The mighty Blue Öyster Cult, Long Island’s greatest contribution to modern culture aside from tea and Theresa Caputo, is returning to Dallas for a concert at the Gas Monkey Bar ‘N’ Grill with special guests UFO on Saturday. Once called “heavy metal for people who hate heavy metal,” Blue Öyster Cult are noted for their distinctly melodic and intellectual approach to the genre and have experienced a great deal of mainstream commercial success throughout the 1970s and early '80s.
The upcoming concert comes at a time of great anticipation for BÖC fans, as it was announced this June that the band was signing to Frontiers Records for not only their first record of new material in over 18 years, but a slew of reissues and unreleased live concerts — all expected to be released in 2020. Here’s a quick refresher as to why Blue Öyster Cult are one of the most criminally underrated rock bands on earth:
If Blue Öyster Cult are The Beatles of heavy metal, then Buck Dharma is their Paul McCartney. While not as immediately recognizable as the “face” of the BÖC, his voice has become the most iconic feature of its biggest hits, like “(Don’t Fear) The Reaper,” “Burnin’ For You” and “Godzilla.” Aside from singing, Buck is perhaps more acclaimed for his astronomical lead guitar playing — his fluid, eerie, effortless leads are as essential to the BÖC sound as the stars in Van Gogh’s night skies. Dharma’s real name is actually Donald Roeser; the name “Buck Dharma” was bestowed upon him as part of founding BÖC manager Sandy Pearlman’s original plan for all of the members of the band to have outlandish stage names. The other members quickly abandoned their pseudonyms, while “Buck” was the only member who kept his.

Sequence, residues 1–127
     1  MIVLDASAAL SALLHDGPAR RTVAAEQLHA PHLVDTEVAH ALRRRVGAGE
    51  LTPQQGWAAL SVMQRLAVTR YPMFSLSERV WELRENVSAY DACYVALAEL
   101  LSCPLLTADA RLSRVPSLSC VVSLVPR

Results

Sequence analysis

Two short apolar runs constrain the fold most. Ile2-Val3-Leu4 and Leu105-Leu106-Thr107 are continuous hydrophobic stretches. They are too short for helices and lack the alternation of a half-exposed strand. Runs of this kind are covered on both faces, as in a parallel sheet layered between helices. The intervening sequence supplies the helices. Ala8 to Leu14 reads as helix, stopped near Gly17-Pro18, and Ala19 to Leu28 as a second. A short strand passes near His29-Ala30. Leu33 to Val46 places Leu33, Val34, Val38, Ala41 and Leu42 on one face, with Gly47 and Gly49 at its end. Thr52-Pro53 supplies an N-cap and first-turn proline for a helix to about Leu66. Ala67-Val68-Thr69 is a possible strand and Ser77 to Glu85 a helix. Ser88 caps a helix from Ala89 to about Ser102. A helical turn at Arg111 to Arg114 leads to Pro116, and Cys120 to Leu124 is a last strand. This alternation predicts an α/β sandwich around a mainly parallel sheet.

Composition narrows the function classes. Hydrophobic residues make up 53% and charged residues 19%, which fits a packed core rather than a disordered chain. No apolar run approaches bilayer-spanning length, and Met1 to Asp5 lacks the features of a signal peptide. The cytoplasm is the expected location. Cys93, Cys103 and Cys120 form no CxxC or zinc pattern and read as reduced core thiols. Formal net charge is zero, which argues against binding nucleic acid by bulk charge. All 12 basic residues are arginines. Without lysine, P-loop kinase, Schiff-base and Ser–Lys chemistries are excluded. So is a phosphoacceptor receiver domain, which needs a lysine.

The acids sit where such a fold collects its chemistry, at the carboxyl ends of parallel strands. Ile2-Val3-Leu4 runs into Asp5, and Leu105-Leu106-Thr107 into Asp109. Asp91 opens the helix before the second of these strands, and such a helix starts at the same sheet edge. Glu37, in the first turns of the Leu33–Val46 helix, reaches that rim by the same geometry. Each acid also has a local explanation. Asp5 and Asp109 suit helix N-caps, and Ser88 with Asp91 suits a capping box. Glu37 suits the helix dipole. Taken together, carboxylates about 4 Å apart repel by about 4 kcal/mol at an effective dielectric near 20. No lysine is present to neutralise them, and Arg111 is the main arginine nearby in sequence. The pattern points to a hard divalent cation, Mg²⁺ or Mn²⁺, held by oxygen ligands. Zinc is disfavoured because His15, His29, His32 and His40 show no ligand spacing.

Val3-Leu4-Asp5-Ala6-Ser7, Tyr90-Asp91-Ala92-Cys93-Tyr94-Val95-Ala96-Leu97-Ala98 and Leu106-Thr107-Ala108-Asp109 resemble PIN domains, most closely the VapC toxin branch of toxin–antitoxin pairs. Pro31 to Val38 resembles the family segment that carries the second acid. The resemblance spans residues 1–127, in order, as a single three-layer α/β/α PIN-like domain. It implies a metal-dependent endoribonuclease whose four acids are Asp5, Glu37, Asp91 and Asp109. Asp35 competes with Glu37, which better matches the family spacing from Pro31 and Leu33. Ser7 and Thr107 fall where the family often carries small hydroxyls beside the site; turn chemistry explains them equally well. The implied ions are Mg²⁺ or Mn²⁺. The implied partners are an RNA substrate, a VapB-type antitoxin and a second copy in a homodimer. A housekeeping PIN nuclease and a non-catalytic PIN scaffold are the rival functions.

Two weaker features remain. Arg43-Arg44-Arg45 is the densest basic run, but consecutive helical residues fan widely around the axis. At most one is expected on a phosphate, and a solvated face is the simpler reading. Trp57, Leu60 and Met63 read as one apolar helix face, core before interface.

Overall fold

Instantly recognizable as the face of Blue Öyster Cult with his ever-present aviators and Jeff Lynne Afro, Eric Bloom has always been the band’s Svengali-like frontman, singing lead on the majority of the band’s songs and acting as their onstage master of ceremonies. Bloom’s shtick as a leather-clad rock god has only added to the band’s lore — including riding a motorcycle onstage to perform a cover of Steppenwolf’s “Born to Be Wild” or wielding a gauntlet firing a laser beam into a disco ball at the climax of the band’s concerts. An avid lifelong fan of science fiction, Bloom once wrote a fan letter to English sci-fi author Michael Moorcock, leading to Bloom and Moorcock collaborating on what would later become three Blue Öyster Cult songs: “Veteran of the Psychic Wars,” “The Great Sun Jester” and the dark and powerful “Black Blade.”
The old guys
Although not members of Blue Öyster Cult anymore, the band’s three other founding members were invaluable tools in sculpting the band’s precise aesthetic. Albert Bouchard remains one of the most underrated and unconventional drummers in rock, bringing a distinctly chaotic and jazz-influenced propulsion to BÖC. Bouchard also penned and sang several of the band’s best songs, such as “Cities on Flame with Rock and Roll,” “Dominance & Submission” and “Fireworks.” His younger bass-playing brother Joe was the last addition to complete BÖC’s classic lineup in 1970, adding a complementary style to round out the band’s unparalleled rhythm section. Like his brother, Joe also composed and sang several of Blue Oyster Cult’s fan favorites such as “Hot Rails to Hell,” “Nosferatu” and “Screams.”